The Chicago hotlist, July 2021

It was an absolute pleasure researching and picking out restaurants for our recent trip to Chicago, the first in at least a couple of years.

The food scene in Chicago is no joke, as I’m sure many of you already know. During our last few trips, we focused mostly on dining in the West Loop neighborhood, with a few spots thrown in from Logan Square and other neighborhoods.

This trip, we stayed downtown at London House, and somewhat unwittingly, I picked out a lineup of restaurants that were almost all in downtown Chicago. It was fun to rediscover downtown, which can feel a lot more touristy than Chicago’s neighborhoods, and try some new spots — we took a risk on one that had just opened, which paid off.

In no particular order, here is the lineup of where we ate. What fun to be able to travel again, and to beef up this part of my blog, where I have not posted since early 2020.

En Passant, 3010 W. Diversey Ave

I relied heavily on this list, from one of my most trusted food websites, Eater, to pick out the majority of the restaurants we checked out.

When I saw En Passant was a project from Chef Sam Engelhardt, who opened Au Cheval, which serves one of my favorite burgers ever, I knew we had to check it out. We tried a couple of the suggested dishes from the Eater list, including the black honey-drizzled crudo and, of course, the smash burger with balsamic onion jam and Marie Rose sauce.

I’d have liked to try even more — and would return to do that on our next visit.

Kasama, 1001 N. Winchester Ave.

Kasma was a last-minute find from Matthew, who Googled around to check out several breakfast and coffee spots before we headed to a baseball game later that day. When we visited, Kasama was not seating diners indoors, but has since begun dining room seating. Nevertheless, their patio is lovely, and worth checking out if you’re more comfortable eating outside.

I ordered the ham and cheese pastry, I’ll admit, mostly just for Instagram. But then it turned out to be absolutely delicious: flaky, savory, buttery pastry filled with soft cheese and topped with glossy, cured meat. Hard to resist.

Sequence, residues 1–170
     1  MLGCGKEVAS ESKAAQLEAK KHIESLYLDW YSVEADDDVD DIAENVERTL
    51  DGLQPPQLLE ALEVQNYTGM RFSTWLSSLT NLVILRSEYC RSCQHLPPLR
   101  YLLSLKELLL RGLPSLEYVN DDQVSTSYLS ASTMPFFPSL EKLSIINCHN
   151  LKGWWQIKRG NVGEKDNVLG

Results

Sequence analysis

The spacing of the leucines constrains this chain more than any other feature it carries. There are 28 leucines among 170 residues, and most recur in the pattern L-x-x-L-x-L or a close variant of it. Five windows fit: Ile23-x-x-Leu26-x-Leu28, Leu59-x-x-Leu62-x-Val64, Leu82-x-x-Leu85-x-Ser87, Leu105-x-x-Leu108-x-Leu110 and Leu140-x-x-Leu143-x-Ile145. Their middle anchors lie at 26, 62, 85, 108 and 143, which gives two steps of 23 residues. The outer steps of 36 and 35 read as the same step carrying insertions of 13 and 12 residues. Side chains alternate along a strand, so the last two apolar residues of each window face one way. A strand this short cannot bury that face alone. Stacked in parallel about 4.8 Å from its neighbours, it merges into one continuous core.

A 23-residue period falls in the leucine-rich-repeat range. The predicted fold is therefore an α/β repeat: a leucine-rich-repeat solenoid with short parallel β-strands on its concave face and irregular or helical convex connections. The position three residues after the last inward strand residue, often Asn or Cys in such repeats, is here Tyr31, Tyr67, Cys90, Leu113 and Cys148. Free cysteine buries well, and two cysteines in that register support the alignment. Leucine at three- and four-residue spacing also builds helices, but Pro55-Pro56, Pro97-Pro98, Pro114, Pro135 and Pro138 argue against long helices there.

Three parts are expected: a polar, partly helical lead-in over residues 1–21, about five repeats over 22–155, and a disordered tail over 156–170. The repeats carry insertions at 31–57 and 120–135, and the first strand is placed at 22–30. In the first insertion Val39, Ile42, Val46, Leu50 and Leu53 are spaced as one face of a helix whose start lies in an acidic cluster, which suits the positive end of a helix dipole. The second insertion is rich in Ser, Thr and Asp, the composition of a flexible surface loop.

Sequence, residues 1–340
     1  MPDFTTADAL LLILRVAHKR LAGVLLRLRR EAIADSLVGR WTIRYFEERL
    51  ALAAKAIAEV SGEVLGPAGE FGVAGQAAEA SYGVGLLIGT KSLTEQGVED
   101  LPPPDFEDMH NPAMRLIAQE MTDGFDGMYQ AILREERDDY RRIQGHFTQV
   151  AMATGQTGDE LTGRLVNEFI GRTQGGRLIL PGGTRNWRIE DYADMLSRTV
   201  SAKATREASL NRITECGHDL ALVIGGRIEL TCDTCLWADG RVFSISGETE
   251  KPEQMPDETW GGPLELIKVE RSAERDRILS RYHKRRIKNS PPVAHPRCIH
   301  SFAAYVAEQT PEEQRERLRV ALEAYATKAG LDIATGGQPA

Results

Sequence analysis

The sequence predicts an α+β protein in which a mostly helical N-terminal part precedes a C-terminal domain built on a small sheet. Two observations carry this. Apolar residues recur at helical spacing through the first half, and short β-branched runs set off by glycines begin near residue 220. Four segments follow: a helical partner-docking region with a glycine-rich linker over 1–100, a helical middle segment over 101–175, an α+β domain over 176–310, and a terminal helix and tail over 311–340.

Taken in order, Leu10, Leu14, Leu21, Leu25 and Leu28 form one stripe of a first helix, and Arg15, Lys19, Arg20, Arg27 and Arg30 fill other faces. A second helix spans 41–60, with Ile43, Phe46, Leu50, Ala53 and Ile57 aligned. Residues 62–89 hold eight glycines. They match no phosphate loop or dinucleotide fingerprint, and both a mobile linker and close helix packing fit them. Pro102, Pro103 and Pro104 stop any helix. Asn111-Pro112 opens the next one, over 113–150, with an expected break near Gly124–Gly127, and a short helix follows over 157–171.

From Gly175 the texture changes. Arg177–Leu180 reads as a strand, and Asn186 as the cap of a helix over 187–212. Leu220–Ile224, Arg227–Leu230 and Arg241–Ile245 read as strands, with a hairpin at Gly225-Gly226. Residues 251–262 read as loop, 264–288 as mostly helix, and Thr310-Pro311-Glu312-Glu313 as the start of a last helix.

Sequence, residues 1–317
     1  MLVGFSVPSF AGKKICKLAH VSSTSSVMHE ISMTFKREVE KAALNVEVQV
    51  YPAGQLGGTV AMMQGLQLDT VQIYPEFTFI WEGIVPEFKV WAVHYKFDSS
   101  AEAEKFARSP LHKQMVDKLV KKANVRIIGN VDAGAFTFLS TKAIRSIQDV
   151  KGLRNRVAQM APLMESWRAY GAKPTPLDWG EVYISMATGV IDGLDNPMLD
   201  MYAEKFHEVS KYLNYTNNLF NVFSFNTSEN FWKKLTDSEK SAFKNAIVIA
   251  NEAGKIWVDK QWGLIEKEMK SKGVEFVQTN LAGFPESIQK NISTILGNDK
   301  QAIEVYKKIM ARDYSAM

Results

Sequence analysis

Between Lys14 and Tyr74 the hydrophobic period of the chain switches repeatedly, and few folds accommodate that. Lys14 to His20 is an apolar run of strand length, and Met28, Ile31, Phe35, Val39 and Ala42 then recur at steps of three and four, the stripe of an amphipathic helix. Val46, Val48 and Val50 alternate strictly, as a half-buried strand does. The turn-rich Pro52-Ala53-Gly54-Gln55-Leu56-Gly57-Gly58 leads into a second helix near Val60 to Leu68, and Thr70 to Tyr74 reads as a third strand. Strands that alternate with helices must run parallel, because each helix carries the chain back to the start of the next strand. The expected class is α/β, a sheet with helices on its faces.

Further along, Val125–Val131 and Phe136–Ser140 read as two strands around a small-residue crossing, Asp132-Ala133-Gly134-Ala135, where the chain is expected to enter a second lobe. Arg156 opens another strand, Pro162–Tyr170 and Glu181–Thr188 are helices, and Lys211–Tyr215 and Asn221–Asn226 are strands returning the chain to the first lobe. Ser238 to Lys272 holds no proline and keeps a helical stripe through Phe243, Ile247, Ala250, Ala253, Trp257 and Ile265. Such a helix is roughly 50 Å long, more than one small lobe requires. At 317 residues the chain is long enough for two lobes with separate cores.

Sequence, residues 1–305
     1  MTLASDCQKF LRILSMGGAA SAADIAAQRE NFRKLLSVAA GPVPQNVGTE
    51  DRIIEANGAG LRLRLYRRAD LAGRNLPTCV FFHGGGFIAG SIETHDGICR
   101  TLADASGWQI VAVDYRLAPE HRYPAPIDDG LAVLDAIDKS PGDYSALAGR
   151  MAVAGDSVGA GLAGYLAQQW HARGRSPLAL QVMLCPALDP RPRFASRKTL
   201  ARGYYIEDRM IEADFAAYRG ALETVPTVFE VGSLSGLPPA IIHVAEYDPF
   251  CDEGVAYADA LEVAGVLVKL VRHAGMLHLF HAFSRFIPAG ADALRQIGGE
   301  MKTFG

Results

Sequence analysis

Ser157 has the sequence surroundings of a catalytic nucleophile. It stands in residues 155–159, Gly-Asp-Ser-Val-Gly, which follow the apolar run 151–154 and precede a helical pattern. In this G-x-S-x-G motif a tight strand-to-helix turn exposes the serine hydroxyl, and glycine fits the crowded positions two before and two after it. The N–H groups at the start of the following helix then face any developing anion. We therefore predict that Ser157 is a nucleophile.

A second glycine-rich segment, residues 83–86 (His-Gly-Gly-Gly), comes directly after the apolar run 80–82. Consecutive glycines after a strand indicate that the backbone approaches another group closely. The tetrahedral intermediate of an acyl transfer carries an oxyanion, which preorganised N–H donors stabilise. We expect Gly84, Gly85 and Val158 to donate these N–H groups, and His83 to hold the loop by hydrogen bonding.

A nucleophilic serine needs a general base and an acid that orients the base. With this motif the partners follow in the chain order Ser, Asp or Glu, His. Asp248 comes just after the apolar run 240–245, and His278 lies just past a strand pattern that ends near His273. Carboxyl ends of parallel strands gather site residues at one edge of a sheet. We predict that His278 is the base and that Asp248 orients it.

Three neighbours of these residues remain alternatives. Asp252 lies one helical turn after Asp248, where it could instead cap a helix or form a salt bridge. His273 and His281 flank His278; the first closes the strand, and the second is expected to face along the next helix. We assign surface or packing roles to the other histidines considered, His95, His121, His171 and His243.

The breakfast sandwich doesn’t look super impressive in my photo, but the house longanisa, a Filipino sweet sausage, is a knockout. Kicky chorizo is the perfect foil for the fried eggs and rice we also ordered.

The Exchange, 224 S. Michigan Ave.

I was most excited to check out the just-opened Exchange, a “Japanese listening bar” with a cocktail program and restaurant. Japanese listening bar turns out to just mean a restaurant where all the music comes through a very nice sound system and most of it is complete albums that the staff curated throughout the evening, playing vinyl on a record player.

Yeah, it’s a little kitschy. But the food, in particular, the heirloom tomato and buratta, a delicious chopped salad (I’ve been into salads lately) and an Indian-spiced plate of chicken thighs and fregola, a round pasta similar to cous cous, were especially memorable.

Wrigleyville: Diver at the Park, 3475 N. Clark St.; and Wrigley Field

Tease me if you will (its ok, I can take it) but one of my favorite rituals at Wrigley Field is getting a glass of #RoseatWrigley. Trust me, you should get on board, too.

Matthew and I also checked out Diver at the Park, in between Kasama and the game, and it turned out we’d been there before, when it was more of a hotel bar and less of a margarita bar. The patio is fun, though, and the drinks are fine. We picked it mostly because I’d seen it on Eater and also, it wasn’t as packed to the gills as some of the other spots in the neighborhood get right before the baseball begins.

The Purple Pig, 444 Michigan Ave.

The Purple Pig was the only restaurant on the trip we revisited, and it was mostly because we spent an afternoon walking the shops on Michigan Avenue, and it’s right there.

I’ve always enjoyed its focus on cheese, pork and wine (three of my favorite things!) and we had a nice lunch, the highlight definitely being the squid ink pasta with scallops, shrimp and tomato sauce paired with a glass of chilled red wine.

Tzuco, 720 N. State St.

I loved the interior look of Tzuco, a newer French-Mexican mashup, and the food and margaritas turned out to be just fantastic, too.

Highlights: cochinita pibil, one of my favorite Mexican pork dishes, here served with black bean purée, pickled red onion and a kicky habanero salsa. I also loved their version of another favorite, the chile relleno, a poblano pepper stuffed with wild mushroom and tomato fondue, all topped with a wedge of panela cheese.

Tzuco also served one of the most visually striking desserts I’ve had in a long time, which looked just like a fuzzy peach. Inside, the dessert had an outer layer of homemade marshmallow and an interior of sliced peaches suspended inside an icy sorbet.


Love Chicago and learning of new places to try – thanks Sarah and Matt!
Suggestion: while the food pics are helpful, it’d be great to have at least one pic of the ambience, inside or out. The atmosphere can be half the fun! Thanks.
PS: Add Charleston SC to your must-sample-foodie-town. We’re here now and it’s amazing.

We spent 5 days in Chicago in August, stying for the first time in the West Loop, which is an absolutely wonderful neighborhood for noshing! We also visited the London House for Happy Hour. Our Chicago friend told us about it, or we might never have known it existed. Such gorgeous views to enjoy on a warm summer evening.

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